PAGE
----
Honestly, my expectations from Kai Po Che were zero. First up, the trailer looked almost exactly like Dil Chahta Hai, and I didn’t like that film. Second, I’ve always felt it takes – or should take – less time for Chetan Bhagat to write his books than for people to read them. However, Abhishek Kapoor’s adaptation shows what fine acting, good direction, and a well-crafted screenplay can do with a novel that I cannot imagine having been well-written. When the film opens to Govind Patel (Rajkumar) making a presentation on the achievements of Sabarmati Sports Academy, I sighed. When, in the film’s next scene, a man takes down photographs from a wall and leaves prison, my interest was piqued. When Omi (Amit Sadh) asks Govind if Ishaan hasn’t come, and we go into flashback mode on a car ride, I decided the film was all about a misunderstanding between friends, which will eventually be ironed out. I was to find out it gets far more complex, mainly because of the layers the actors bring to it.
We’re drawn back into this film by a small, hilarious gag involving a pen and Govind. That Rajkumar is an excellent actor was evident from his small roles in Gangs of Wasseypur and Talaash. In this film, he steals every scene he’s in, reacting even when he is off-focus and bringing so much conviction to his character as the grounded, pragmatic, socially awkward, ambitious one that no praise will suffice for his superlative performance.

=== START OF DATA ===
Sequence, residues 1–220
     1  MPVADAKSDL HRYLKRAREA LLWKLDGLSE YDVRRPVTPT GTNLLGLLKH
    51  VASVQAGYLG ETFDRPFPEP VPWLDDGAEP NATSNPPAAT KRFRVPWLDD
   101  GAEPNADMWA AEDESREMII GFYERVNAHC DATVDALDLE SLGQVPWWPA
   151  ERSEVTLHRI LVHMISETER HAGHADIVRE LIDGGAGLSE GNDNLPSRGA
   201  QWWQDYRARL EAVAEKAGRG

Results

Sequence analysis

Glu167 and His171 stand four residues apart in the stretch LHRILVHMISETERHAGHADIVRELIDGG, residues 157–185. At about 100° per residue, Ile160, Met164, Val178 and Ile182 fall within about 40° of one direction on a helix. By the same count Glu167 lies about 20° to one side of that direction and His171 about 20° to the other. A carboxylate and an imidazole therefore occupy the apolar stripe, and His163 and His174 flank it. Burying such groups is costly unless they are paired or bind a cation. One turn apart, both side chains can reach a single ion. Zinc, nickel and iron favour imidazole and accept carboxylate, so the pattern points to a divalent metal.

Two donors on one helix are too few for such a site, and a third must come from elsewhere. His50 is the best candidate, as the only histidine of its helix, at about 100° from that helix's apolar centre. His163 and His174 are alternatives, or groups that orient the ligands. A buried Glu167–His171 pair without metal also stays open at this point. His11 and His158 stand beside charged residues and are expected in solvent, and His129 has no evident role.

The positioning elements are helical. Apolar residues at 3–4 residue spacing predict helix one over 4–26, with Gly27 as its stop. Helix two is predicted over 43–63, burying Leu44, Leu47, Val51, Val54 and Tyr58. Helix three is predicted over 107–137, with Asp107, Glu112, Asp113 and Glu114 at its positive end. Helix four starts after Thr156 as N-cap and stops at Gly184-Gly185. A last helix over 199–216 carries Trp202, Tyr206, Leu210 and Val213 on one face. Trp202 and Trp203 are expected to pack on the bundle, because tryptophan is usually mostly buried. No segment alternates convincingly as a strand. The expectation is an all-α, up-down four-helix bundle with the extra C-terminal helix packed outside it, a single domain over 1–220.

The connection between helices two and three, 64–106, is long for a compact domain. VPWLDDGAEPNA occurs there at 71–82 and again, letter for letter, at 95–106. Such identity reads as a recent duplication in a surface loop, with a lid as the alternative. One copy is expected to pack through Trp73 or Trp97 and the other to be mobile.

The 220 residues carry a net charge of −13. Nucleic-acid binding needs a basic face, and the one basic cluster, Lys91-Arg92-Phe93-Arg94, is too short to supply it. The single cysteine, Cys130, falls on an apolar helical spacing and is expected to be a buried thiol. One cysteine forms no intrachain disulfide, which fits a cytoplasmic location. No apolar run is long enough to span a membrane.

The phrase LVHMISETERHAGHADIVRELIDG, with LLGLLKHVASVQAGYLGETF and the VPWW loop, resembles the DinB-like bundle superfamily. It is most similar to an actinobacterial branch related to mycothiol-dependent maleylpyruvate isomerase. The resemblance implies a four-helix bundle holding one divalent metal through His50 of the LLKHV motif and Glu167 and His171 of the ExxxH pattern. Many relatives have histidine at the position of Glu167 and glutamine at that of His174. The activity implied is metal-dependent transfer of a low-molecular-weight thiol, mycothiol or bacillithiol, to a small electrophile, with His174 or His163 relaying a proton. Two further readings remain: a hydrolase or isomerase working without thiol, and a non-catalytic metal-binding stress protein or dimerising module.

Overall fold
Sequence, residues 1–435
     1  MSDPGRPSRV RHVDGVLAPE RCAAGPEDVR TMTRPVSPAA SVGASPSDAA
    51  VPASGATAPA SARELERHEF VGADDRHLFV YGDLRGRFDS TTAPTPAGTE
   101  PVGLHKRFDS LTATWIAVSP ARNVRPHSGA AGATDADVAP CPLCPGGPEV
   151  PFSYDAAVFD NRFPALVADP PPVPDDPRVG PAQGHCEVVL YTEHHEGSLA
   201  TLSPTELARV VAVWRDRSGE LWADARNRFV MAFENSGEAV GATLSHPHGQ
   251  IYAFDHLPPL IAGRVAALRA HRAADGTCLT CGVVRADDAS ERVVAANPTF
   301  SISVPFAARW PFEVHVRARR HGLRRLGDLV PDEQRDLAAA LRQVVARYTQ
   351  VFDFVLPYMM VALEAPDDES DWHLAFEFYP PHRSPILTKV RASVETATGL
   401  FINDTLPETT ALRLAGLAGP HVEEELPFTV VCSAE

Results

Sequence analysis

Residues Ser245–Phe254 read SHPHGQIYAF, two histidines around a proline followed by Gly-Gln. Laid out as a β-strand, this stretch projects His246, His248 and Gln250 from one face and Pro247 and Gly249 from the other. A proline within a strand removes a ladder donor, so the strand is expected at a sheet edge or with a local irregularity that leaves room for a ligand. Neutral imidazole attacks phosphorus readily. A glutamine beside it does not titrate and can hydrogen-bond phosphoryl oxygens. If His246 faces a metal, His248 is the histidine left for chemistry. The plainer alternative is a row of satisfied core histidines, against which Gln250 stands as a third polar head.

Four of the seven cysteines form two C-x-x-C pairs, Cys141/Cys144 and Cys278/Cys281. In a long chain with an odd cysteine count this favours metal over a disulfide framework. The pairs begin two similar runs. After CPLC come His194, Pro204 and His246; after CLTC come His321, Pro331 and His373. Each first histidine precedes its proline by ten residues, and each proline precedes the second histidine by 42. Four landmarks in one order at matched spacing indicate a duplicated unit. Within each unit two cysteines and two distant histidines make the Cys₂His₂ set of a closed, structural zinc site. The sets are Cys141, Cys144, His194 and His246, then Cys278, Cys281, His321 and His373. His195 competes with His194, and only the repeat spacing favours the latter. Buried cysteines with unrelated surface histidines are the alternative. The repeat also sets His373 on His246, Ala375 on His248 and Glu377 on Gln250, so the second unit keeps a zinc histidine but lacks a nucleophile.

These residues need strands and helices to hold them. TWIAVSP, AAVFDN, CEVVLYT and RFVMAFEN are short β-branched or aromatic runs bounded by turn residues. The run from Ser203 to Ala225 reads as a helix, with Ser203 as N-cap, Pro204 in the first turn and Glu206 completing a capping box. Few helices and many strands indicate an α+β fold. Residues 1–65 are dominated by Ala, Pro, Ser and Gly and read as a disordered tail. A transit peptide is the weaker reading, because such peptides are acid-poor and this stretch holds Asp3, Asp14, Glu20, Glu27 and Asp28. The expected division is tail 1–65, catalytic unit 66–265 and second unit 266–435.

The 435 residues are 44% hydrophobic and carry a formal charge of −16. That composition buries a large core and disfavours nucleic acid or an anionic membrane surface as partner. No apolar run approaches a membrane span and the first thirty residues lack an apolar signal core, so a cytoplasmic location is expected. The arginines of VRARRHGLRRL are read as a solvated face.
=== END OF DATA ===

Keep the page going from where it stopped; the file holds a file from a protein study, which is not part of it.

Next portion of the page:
The casting is a key factor in the appeal of this film. Debutant Sushant Singh Rajput as the cricket-crazy Ishaan, and Amit Sadh as the prospective heir to a political party have challenging roles, and their capacity to portray intense emotion, without hamming, is severely tested. Both are equal to the task. And then, there’s Amit’s Bittu Mama. After wondering why the actor looked so familiar, I was shocked to discover during the credits that it was Manav Kaul, a poet-playwright I’d interviewed after his directorial debut Hansa. That the soft-spoken, thoughtful man could turn into the rabble-rousing, hate-spewing politician here is testimony to his skill as an actor.
Everyone in the film, including the child actor Digvijay Deshmukh, emotes with the eyes. And it is because we sense the flicker of hope, the shock of betrayal, the hurt over an old wound in their eyes that we grow fond of them. These aren’t characters, these are the people we know, the people we are. And they’re not part of the story, they lead the story.
Yes, there are some holes in the plot, but we hardly notice them because of subtle directorial touches that nudge us towards larger questions of right and wrong – like the survival instinct of a peace activist who stabs someone to save himself; like the tender smile on the face of a father who makes up with his son as he leaves on a pilgrimage; like the guilty sobs of a man who murdered someone by accident, when he meets the victim’s sister.
The end comes as a twist, thanks mainly to a clever line up front, but never strikes us as gimmicky. And while the final scene is somewhat predictable, occurring as it does in the kitschy surroundings of a cricket match, it works because it’s juxtaposed so well with an earlier scene.